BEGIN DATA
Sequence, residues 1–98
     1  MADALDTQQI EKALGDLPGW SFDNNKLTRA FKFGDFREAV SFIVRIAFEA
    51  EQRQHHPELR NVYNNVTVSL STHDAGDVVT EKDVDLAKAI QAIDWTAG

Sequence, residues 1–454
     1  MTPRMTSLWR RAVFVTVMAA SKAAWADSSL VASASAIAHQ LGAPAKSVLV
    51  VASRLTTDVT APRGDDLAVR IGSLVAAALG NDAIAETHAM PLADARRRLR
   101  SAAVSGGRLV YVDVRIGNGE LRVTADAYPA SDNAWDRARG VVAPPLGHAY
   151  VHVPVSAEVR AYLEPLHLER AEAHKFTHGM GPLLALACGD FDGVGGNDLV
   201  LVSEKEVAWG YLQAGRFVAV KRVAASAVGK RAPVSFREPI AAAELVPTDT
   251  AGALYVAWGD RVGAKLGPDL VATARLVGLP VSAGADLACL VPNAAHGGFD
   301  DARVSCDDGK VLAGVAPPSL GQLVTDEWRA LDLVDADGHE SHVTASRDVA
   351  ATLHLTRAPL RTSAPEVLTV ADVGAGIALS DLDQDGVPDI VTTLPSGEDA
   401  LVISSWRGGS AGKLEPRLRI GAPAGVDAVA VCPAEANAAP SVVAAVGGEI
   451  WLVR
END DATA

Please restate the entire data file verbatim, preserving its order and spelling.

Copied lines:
Sequence, residues 1–98
     1  MADALDTQQI EKALGDLPGW SFDNNKLTRA FKFGDFREAV SFIVRIAFEA
    51  EQRQHHPELR NVYNNVTVSL STHDAGDVVT EKDVDLAKAI QAIDWTAG

Sequence, residues 1–454
     1  MTPRMTSLWR RAVFVTVMAA SKAAWADSSL VASASAIAHQ LGAPAKSVLV
    51  VASRLTTDVT APRGDDLAVR IGSLVAAALG NDAIAETHAM PLADARRRLR
   101  SAAVSGGRLV YVDVRIGNGE LRVTADAYPA SDNAWDRARG VVAPPLGHAY
   151  VHVPVSAEVR AYLEPLHLER AEAHKFTHGM GPLLALACGD FDGVGGNDLV
   201  LVSEKEVAWG YLQAGRFVAV KRVAASAVGK RAPVSFREPI AAAELVPTDT
   251  AGALYVAWGD RVGAKLGPDL VATARLVGLP VSAGADLACL VPNAAHGGFD
   301  DARVSCDDGK VLAGVAPPSL GQLVTDEWRA LDLVDADGHE SHVTASRDVA
   351  ATLHLTRAPL RTSAPEVLTV ADVGAGIALS DLDQDGVPDI VTTLPSGEDA
   401  LVISSWRGGS AGKLEPRLRI GAPAGVDAVA VCPAEANAAP SVVAAVGGEI
   451  WLVR